And now comes “Melancholia,” which boasts the finest, most mature performance to date from Kirsten Dunst, still a vastly underestimated actress.

This time around, there are two women, and they are sisters, Justine, played by Dunst, and Claire, played by Charlotte Gainsbourg, who starred in “Antichrist.” Interestingly, Gainsbourg won the Best Actress for that film at Cannes Fest last year, and Dunst is the winner of this year’s Best Actress at Cannes!

Their very names, not to mention their personalities, philosophies and ways of life suggest contrasting reactions to the imminent end of the world, which define the film’s narrative structure, divided into two chapters.

In the first, stunning, slow-motion opening, set to Wagner’s stunning music, “Tristan and Isolde,” the camera observes a moon and another planet, casting shadows on a formal garden. Justine is then seen floating in water and weeds, while a larger planet moves closer to Earth, and the swallows it up. Apocalypse now: The end of the world as we know it.

The narrative centers on one rich family at an isolated country house, set in a non-specific locale, which lends the feature a more universal quality—the story could happen anywhere and everywhere in the world.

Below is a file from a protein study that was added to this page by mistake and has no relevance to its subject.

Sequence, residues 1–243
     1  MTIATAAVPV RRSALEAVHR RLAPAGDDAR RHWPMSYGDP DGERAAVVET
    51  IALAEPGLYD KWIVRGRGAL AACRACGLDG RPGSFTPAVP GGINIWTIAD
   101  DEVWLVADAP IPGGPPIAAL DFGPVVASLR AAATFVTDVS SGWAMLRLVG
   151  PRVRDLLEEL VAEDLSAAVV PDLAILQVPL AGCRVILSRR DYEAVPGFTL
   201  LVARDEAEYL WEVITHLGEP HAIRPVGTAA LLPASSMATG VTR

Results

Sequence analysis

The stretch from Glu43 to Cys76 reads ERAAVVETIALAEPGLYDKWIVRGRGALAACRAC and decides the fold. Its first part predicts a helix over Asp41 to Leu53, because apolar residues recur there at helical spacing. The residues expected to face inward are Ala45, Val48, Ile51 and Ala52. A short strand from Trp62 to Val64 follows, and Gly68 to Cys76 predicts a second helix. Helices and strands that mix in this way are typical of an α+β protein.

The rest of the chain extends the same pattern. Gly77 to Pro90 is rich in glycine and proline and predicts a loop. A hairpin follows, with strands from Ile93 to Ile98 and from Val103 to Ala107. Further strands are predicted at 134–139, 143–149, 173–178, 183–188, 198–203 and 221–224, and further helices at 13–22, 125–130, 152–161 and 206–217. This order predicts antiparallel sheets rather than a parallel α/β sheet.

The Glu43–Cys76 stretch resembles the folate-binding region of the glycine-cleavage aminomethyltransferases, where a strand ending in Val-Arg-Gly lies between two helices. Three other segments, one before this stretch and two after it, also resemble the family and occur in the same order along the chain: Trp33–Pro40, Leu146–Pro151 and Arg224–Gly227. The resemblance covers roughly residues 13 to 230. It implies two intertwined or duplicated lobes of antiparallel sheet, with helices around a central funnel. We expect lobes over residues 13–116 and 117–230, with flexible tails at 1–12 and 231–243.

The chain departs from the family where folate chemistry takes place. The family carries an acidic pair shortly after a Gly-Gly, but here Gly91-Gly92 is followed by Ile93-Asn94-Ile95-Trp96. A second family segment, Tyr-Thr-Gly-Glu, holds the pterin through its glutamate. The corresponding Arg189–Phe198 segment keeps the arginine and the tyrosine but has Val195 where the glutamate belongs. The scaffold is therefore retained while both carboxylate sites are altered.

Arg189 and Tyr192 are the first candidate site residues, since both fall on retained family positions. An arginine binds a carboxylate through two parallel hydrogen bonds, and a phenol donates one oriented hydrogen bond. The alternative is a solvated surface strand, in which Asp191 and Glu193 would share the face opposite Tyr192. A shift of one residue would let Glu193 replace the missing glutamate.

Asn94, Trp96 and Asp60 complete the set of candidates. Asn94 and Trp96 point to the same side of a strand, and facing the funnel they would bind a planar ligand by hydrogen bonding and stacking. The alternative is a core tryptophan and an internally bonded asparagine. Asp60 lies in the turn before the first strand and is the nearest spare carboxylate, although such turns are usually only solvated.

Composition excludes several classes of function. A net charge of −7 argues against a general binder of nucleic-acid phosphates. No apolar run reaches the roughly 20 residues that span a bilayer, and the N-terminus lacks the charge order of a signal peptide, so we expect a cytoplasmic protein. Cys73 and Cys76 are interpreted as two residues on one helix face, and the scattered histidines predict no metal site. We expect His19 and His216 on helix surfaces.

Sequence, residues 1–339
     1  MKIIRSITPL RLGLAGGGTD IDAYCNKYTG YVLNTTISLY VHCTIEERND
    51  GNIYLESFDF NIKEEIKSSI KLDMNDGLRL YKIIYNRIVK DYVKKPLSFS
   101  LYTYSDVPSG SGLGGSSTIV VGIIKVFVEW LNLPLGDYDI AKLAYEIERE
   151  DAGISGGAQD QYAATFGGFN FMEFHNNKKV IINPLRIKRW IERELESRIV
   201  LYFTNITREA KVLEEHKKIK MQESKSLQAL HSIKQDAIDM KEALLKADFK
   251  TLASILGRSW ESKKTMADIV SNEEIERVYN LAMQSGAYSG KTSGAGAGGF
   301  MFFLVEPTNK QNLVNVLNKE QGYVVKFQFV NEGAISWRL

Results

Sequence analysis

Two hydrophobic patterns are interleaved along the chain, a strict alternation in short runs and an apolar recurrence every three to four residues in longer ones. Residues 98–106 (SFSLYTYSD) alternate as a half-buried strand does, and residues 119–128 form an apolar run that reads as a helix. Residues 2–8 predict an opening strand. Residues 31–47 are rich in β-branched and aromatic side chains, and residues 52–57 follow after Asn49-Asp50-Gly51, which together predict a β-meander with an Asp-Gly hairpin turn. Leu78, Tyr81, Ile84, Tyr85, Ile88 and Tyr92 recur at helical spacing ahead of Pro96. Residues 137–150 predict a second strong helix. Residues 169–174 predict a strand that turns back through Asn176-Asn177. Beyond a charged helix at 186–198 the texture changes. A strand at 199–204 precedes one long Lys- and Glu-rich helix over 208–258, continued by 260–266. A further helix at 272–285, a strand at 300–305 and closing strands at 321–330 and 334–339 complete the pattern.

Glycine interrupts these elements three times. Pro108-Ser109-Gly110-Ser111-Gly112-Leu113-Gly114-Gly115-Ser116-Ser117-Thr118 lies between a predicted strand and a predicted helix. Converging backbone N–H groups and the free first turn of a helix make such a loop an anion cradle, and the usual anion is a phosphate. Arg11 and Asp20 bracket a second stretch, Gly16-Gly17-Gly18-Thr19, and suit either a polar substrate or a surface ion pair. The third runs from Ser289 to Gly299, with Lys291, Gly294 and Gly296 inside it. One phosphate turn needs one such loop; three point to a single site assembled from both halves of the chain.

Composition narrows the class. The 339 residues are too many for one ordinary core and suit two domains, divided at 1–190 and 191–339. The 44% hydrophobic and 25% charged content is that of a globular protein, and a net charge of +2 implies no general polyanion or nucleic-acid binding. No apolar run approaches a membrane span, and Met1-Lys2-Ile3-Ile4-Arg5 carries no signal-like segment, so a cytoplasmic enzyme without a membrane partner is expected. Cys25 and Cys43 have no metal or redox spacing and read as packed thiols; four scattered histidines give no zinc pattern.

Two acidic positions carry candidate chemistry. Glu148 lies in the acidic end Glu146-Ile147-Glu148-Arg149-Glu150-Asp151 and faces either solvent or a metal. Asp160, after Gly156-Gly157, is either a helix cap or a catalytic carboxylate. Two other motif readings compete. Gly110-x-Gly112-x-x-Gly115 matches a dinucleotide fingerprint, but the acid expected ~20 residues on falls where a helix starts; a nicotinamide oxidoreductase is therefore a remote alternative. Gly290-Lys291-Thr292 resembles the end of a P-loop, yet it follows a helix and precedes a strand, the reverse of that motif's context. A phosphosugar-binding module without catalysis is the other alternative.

The first chapter, “Justine,” depicts the eponymous heroine, an advertising copywriter, about to get married to a handsome, sweet-natured guy (Alexander Skarsgaard (of TV fame). The wedding takes place in the remote and lush estate of her older sister Claire and her brother-in-law John (Kiefer Sutherland, surprisingly good). Justine’s family, especially her quibbling parents, mother (Charlotte Rampling) and father (John Hurt), are eccentric, to say the least. Neither daughter resembles their mother in personality and outlook.

In the second chapter, “Claire,” set after the wedding, which we learn ended poorly, the focus is more intimate, revolving around Justine, Claire, John, and their child.

Some of the film’s scenes are shot in a handheld, intimate, documentary-style, with jump cuts, all familiar from former Von Trier’s movies. But other acts are gloriously stylized with excessive yet memorable aesthetic touches.

At times, “Melancholia” comes perilously close to being a kitschy serio-comic melodrama about the end of the world.  At others, it evokes the spiritual and lyrical sensibility of the great Russian director Andrei Tarkovsky (specifically his last, stunning 1986 feature, “The Sacrifice”), to whom “Melancholia” is dedicated.